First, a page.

The PRINCESS ROYAL visited Haslar Marina Gosport on Tuesday, November 1st to re-commission a unique historic junk yacht Boleh for charity work. The Princess Royals deep interest in sailing matters is well known and it is most appropriate that she has visited Gosport to see the work that has be done by Boleh Trust and to dedicate the now fully restored yacht to her life of charitable service.
The Pricess Royal was met on arrival at Haslar Marina by Henry and George Middleton, nephews of the yacht’s designer and builder Robin Kilroy and other family members and now serving as chairman and vice chairman of Boleh Trust, patrons, trustees, volunteers and representatives of the groups who use the vessel as well as local school children.
Her Royal Highness spent over an hour chatting to those present in the Marina’s new restaurant The Creek. Before going on board the yacht which she carefully inspected.
The chairman of The Boleh Trust, Group Captain Henry Middleton mad a short speech that at Boleh’s launch in Singapore in 1949 the words “i name you Boleh and may you live up to it” were spoken. (Boleh in Malay means ‘can do’). Her Royal Highness then made a short speech in which she thanked the Boleh Trust adding ‘We use the word unique rather loosely and i congratulate you all for restoring this concept kept alive to serve a very useful purpose to get people who can do to do a bit more.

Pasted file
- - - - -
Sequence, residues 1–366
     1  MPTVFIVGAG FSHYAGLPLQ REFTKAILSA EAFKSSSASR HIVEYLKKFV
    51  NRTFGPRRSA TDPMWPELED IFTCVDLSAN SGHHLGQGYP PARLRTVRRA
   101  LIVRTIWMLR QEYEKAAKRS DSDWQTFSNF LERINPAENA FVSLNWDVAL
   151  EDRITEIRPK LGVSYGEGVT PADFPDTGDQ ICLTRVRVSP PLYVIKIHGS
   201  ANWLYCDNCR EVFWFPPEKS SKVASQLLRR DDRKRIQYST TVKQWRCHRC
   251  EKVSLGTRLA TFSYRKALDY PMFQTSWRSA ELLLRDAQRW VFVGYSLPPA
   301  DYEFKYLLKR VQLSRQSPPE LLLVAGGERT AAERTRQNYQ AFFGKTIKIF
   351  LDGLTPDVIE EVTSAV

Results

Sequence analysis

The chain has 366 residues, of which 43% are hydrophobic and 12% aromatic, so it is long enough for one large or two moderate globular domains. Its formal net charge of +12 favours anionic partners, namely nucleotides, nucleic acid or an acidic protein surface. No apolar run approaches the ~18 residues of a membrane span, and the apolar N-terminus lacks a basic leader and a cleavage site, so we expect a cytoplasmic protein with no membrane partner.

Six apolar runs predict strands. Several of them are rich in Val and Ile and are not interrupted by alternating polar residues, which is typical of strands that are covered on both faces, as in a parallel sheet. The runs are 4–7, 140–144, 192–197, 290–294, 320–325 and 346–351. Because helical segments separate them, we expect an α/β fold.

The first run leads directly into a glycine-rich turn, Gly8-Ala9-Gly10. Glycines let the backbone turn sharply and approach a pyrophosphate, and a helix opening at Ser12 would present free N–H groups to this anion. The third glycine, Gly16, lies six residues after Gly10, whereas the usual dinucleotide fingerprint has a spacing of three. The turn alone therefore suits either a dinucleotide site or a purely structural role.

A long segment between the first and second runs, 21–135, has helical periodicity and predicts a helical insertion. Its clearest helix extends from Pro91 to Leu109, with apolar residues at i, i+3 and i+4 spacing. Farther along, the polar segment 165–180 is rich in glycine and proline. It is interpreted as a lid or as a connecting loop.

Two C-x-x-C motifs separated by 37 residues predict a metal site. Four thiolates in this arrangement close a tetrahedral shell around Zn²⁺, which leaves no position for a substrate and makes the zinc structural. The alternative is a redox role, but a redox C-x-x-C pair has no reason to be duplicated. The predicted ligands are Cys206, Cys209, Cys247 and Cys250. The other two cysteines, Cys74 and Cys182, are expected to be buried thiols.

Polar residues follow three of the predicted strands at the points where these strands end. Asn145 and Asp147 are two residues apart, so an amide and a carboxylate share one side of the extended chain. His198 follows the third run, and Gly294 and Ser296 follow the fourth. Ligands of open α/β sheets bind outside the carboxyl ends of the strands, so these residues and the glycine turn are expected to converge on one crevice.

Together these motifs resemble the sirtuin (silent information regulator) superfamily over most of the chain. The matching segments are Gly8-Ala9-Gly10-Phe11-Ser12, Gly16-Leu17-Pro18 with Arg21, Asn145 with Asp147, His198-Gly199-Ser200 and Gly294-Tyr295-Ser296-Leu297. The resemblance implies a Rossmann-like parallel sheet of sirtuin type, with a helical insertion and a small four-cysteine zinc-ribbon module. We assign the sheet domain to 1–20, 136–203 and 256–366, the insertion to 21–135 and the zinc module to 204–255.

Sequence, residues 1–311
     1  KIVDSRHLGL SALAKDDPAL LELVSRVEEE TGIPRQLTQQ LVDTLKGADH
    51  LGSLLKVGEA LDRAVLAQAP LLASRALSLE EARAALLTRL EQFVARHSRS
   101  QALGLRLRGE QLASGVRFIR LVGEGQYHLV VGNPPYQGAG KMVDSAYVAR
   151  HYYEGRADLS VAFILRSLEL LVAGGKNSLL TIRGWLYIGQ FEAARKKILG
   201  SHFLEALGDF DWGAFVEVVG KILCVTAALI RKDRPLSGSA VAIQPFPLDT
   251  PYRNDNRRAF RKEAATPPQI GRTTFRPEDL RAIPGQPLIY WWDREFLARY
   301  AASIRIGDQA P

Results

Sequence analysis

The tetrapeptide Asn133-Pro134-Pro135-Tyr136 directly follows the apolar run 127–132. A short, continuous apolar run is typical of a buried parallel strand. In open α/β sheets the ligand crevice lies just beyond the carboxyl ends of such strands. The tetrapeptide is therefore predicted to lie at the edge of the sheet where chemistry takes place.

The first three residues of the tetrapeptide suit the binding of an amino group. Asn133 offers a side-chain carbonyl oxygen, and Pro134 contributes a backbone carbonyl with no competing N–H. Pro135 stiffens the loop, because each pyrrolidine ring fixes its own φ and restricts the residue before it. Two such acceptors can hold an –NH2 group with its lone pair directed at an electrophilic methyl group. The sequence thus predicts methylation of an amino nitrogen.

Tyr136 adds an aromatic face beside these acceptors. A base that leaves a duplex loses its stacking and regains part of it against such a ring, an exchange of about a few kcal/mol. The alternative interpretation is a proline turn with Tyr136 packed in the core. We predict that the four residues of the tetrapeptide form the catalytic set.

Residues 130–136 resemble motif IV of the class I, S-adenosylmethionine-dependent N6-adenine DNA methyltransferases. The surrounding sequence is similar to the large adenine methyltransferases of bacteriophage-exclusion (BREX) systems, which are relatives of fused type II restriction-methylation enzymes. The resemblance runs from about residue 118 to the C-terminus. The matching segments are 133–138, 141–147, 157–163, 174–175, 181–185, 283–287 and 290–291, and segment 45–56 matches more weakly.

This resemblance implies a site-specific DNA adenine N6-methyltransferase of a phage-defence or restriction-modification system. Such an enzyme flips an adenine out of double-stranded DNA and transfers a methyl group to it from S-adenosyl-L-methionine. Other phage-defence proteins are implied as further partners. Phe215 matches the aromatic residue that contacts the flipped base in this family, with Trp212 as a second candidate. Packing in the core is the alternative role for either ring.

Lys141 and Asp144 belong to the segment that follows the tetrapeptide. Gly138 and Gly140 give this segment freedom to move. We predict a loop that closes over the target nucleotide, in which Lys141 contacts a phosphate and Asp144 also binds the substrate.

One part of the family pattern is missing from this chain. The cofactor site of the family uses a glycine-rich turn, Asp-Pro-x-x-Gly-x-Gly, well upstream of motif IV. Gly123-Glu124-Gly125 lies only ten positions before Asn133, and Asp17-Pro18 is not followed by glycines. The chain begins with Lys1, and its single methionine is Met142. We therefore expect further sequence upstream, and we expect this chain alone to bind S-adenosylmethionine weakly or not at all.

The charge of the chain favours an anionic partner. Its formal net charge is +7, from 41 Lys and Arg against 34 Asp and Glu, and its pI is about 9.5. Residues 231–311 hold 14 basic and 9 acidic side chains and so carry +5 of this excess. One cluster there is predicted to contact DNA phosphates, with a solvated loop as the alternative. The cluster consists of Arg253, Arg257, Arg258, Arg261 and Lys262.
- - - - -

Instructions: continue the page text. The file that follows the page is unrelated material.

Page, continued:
She then carried out the traditional bottle ceremony before unveiling a plaque on the masthead.
Among the attendees was the first apprentice, Jason Rankin, who worked on the restoration of Boleh as a seventeen year old in the apprentice school set up with a grant from the National Lottery in Portsmouth Dockyard in 2008.
He is now a qualified shipwright working in Chichester. Kerryanne, Jade and Amelia from Mayfield School Portsmouth were among the students present with their teacher and were happy to chat about a very memorable day sailing in the Solent. Boleh Trust crew members Craig, who is the Operations Director of the Trust, and Nigel the skipper, spoke of how some groups arriving on board for a sailing experience look a bit apprehensive and unsure but the change as they leave invigorated and confident proves that Boleh lives up to her name.
Among the benefices of the Boleh Trust have been the wounded injured and sick (WIS) recovery programme funded by Royal Navy Royal Marines Charities, Army cadets, Andy’s Man Club which is a mental health support charity. Forces ready course for those hoping to join uniformed services, children of service families and local children. Time spent on board helps participants bond as a team, share experiences and builds confidence.